Woodland Park Zoo

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Woodland Park Zoo
Woodlandparkzoo logo11.png
Date opened1899
LocationWoodland Park, Seattle, Washington, U.S.
Coordinates47°40′06″N 122°20′59″W / 47.66834°N 122.34984°W / 47.66834; -122.34984Coordinates: 47°40′06″N 122°20′59″W / 47.66834°N 122.34984°W / 47.66834; -122.34984
Land area92 acres (37 ha)
No. of animals1,098 [1]
No. of species300 [1]
MembershipsAZA[2]
Major exhibitsTrail of Vines, Northern Trail, Tropical Rain Forest, Banyan Wilds, African Savanna
Websitewww.zoo.org
Keel-billed toucan (Ramphastos sulfuratus), Tropical Rain Forest, Woodland Park Zoo

Woodland Park Zoo is a wildlife conservation organization and zoological garden located in the Phinney Ridge neighborhood of Seattle, Washington, United States. It is the recipient of over 65 awards across multiple categories, and has served approximately 1.4 million domestic & international visitors in 2019.

History[edit]

Occupying the western half of Woodland Park, the zoo began as a small menagerie on the estate of Guy C. Phinney, a Canadian-born lumber mill owner and real estate developer. Six years after Phinney's death, on December 28, 1899, Phinney's wife sold the 188-acre (76 ha) Woodland Park to the city for $5,000 in cash and the assumption of a $95,000 mortgage. The sum was so large that then-mayor W. D. Wood vetoed the acquisition, only to be later overruled by the city council. In 1902, the Olmsted Brothers firm of Boston was hired to design the city's parks, including Woodland Park, and the next year the collection of the private Leschi Park menagerie was moved to Phinney Ridge.

In 1975, David Hancocks, the then-director of the Woodland Park zoo, redesigned the zoo's gorilla exhibit to form what became referred to as landscape immersion exhibits, in which animals would become immersed in landscapes that represented their natural habitats as closely as possible, while visitors would also be immersed in the same replicated habitat.[3] The habitat was designed with natural plants and rockwork, with special consideration being put towards the acoustic treatment of the exhibit to make the environment soft and quiet. Initially the idea was heavily criticized, with many experts being concerned about the maintenance of vegetation and lack of visibility, as well as the temperate environment of Washington negatively affecting the soil. The idea eventually became the standard for naturalistic exhibits, inspiring many imitators and replicas worldwide.[4]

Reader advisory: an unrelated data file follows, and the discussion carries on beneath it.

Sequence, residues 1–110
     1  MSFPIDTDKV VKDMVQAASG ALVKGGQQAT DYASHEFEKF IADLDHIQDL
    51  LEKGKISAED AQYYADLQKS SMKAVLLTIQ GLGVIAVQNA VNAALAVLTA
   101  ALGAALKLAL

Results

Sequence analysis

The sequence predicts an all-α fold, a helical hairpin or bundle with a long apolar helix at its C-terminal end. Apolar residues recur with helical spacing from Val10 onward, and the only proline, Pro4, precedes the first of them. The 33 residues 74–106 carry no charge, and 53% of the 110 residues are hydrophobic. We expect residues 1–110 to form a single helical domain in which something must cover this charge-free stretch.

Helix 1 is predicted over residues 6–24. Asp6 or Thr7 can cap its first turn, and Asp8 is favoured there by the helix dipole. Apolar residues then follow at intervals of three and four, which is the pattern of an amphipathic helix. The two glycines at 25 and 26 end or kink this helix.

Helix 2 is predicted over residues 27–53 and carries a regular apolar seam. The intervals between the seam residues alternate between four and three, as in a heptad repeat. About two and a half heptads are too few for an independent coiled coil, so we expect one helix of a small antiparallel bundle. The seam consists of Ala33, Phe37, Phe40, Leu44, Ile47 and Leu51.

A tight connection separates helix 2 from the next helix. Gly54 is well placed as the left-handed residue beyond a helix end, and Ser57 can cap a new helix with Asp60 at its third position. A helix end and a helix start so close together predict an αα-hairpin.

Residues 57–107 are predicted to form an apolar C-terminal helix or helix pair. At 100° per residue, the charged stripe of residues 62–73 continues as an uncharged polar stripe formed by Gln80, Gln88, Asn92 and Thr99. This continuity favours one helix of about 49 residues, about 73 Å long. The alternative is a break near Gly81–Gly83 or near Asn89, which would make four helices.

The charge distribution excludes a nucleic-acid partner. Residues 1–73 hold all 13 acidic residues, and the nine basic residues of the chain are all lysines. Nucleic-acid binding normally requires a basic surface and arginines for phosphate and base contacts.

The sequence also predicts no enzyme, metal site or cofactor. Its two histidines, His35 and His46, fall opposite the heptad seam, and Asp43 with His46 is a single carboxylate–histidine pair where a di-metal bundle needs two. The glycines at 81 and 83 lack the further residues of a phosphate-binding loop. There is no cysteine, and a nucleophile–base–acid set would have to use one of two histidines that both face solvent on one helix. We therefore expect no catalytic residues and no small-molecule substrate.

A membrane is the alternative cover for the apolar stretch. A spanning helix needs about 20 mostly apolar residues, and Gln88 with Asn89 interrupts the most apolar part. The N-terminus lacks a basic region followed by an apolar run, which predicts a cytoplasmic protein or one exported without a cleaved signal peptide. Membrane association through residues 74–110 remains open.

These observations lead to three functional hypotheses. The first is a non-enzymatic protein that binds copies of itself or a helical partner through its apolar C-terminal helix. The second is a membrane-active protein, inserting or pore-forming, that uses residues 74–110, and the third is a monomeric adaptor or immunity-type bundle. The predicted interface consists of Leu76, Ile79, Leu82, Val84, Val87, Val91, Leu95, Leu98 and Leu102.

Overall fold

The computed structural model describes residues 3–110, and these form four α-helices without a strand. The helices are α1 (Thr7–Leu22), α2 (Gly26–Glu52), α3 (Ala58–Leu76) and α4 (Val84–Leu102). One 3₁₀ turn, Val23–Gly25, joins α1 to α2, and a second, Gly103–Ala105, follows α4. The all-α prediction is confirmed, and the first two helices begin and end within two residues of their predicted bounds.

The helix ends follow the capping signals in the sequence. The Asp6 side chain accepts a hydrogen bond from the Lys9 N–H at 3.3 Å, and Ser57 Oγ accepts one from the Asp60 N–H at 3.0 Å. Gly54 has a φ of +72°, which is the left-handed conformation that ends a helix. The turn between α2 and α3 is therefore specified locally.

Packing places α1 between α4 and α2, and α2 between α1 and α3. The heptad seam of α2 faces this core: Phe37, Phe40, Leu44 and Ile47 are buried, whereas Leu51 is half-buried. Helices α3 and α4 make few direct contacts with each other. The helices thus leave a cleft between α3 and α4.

As of the summer of 2010, the zoo features 92 acres (37 ha) of exhibits and public spaces. Open to the public daily,[5] it received 1.05 million visitors in 2006. Its collection includes:

  • 1,090 animal specimens
  • 300 animal species
  • 35 endangered and 5 threatened animal species
  • 7,000 trees
  • 50,000+ shrubs and herbs
  • 1,000+ plant species
  • A sensory garden[6]

Exhibits[edit]

Woodland Park Zoo is a recipient of several Best National Exhibit awards from the Association of Zoos and Aquariums, and ranks second after the Bronx Zoo in New York City for the number received.[7] Woodland Park Zoo created what is generally considered the world's first immersion exhibit, a gorilla habitat, which opened in the late 1970s under the direction of zoo architect David Hancocks.[8] Other exhibits include:

The Zoomazium play area for kids
Brown bear in Northern Trail area
Woodland Park Zoo Carousel
  • The zoo contains an indoor children’s play area called Zoomazium, encouraging exploration, exercise, education, and fun for young children. An old-fashioned carousel retooled to run on solar energy is also featured. This merry-go-round (PTC #45) was first built by the Philadelphia Toboggan Company for the Cincinnati Zoo in 1918, it was refurbished and donated to Woodland Park Zoo by Alleniana Foundation.

Community engagement[edit]

Woodland Park Zoo has been an active member of environmental and ecological conservation efforts across the U.S. Besides operating its own educational programs for school children, the park also cooperates with many of the higher education institutions in state, such as the University of Washington. On January 5, 2010, the zoo announced that due to the "difficult economy," it would be closing its Night Exhibit.[9][10]